28th June 2023 - 29th June 2023
Pharmacological Potential of the Hyacinthaceae: Developing Homoisoflavonoids as a Treatment for Macular Degeneration
The purpose of the workshop is to bring together experts in the fields of Chemistry, Botany, Pharmacology and related areas to discuss the potential of the Hyacinthaceae, and, in particular, to accelerate the study of Homoisoflavonoids as a treatment for Macular Degeneration.
The Hyacinthaceae is one of the most important plant groups from a phytochemical, pharmacological, horticultural and ethnobotanical perspective. From a taxonomic perspective, this is one of the most hotly debated groups, with taxonomists currently in some dispute about relationships within the group. From causing stock deaths and being used as a homicide agent, to being used as anti-inflammatories, the constituents of the Hyacinthaceae are of great interest. Homoisoflavonoids, extracted from the Hyacinthaceae have been shown to have excellent potential for treating inflammation and for treating vision loss caused by abnormal blood vessel growth in conditions such as blindness in premature babies, diabetic retinopathy, wet AMD and neovascular glaucoma. These are debilitating condition affecting ageing populations. AMD is the major cause of visual impairment worldwide in people aged over 65. By 2020 it was estimated that as many as 200 million people globally had AMD. It affects almost four times the number of people than those who are diagnosed with cancer annually. About 20 million of these patients have the rapidly blinding, neovascular or “wet” form of AMD. Existing wet AMD drugs do not work in all patients, have side effects, are expensive, and must be injected directly into the eye.
As they are small molecules, they have the potential for formulation as eye drops, avoiding some of the shortcomings of existing therapies. As many Hyacinthaceae species are endangered in the wild, synthetic methodology must be developed and compound libraries made to understand structure-activity relationships and determine the most active and specific lead compounds.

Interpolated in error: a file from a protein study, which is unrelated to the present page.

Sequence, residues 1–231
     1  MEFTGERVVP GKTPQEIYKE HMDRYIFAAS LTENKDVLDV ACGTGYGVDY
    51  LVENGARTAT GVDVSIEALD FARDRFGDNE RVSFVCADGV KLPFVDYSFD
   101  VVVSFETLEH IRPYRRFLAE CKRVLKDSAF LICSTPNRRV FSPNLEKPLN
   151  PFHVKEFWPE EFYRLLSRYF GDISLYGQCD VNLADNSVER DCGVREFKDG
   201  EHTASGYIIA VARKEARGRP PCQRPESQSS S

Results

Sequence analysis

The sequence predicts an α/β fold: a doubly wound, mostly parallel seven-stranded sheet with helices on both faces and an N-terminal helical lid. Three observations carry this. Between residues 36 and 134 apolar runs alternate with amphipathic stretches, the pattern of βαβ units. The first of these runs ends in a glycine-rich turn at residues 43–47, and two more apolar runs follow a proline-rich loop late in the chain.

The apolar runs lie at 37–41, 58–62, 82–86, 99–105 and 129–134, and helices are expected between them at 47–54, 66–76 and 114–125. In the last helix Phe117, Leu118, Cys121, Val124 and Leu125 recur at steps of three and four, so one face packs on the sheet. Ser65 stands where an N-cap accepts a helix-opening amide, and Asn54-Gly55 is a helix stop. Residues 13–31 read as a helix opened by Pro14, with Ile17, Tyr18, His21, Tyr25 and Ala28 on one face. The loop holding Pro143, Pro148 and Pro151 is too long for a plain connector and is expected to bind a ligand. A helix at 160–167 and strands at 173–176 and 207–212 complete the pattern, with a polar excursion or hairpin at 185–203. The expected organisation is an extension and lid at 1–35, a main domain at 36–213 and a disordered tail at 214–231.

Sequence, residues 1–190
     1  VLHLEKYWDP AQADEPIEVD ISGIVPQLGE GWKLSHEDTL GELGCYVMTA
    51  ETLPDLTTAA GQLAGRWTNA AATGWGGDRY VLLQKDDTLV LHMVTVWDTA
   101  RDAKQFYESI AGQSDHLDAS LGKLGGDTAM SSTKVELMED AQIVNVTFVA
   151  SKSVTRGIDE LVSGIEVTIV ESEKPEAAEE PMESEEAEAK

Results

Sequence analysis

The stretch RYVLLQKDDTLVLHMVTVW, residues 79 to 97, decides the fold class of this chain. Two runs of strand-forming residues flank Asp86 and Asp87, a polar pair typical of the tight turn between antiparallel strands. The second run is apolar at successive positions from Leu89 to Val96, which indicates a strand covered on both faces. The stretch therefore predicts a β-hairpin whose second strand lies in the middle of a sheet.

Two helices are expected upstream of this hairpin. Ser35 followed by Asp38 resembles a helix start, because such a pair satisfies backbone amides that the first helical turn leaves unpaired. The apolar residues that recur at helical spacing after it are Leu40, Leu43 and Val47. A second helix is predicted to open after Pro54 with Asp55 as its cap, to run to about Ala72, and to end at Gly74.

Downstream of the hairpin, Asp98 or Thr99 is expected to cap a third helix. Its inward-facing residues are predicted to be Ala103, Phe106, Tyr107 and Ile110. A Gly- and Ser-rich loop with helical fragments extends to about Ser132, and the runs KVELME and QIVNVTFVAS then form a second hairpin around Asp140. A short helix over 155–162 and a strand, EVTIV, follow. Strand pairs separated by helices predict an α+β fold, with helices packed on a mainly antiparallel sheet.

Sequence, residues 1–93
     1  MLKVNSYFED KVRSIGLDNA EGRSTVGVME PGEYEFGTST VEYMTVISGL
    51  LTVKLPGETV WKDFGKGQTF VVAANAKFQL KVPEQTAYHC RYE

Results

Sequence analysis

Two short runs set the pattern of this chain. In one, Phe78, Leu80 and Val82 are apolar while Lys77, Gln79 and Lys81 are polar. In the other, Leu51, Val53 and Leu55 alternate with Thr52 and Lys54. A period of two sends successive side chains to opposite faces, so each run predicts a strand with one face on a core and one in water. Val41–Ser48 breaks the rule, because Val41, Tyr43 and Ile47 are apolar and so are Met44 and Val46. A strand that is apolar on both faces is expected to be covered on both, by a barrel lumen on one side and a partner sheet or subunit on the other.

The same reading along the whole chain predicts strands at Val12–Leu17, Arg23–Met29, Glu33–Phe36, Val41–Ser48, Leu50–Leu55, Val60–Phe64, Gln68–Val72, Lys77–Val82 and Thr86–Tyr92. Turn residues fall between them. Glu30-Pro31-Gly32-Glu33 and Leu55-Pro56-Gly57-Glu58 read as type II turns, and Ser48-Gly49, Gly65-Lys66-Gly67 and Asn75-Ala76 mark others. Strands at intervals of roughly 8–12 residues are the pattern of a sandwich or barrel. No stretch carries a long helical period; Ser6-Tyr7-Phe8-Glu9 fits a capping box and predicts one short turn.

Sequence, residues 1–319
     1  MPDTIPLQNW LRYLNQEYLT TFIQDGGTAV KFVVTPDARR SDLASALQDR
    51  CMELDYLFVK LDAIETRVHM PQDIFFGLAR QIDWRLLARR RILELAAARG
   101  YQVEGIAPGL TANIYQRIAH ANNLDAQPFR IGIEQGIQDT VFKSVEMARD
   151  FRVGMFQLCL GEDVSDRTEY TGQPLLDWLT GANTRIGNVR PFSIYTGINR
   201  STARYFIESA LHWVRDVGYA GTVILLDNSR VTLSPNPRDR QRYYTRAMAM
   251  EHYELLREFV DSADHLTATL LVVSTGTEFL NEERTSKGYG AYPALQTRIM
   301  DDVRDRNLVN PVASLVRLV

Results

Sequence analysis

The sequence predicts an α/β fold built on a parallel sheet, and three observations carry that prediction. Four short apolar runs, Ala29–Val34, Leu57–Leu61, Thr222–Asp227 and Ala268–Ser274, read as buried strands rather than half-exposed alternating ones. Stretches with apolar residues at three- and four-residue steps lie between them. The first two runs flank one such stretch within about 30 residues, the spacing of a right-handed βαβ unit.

The purpose of the workshop is to bring together experts in related fields: natural products and synthetic chemists, botanists, pharmacologists, computer modelers and clinical practitioners to accelerate this study. It will bring together existing collaborators and new potential collaborators to get the most promising compounds to the clinical trial stage as quickly as possible.
Professor Dulcie Mulholland, School of Chemistry and Chemical Engineering, University of Surrey
Dr Moses Langat, Jodrell Laboratory, Kew Gardens
Dr Sianne Schwikkard, Department of Chemistry, Kingston University
Dr Linda Langat, Research Associate, School of Chemistry and Chemical Engineering, University of Surrey
Elisha Griffin, PhD Student, School of Chemistry and Chemical Engineering, University of Surrey
Hannah Jefford, PhD Student, School of Chemistry and Chemical Engineering, University of Surrey
Photo by Professor Neil Crouch
Information regarding how to register will be available shortly.
Final submission deadline: 31st March 2023
Notification of outcome: 7th April 2023
Any queries, please contact Professor Dulcie Mulholland
Please submit your abstract (300 words max) by completing the form below.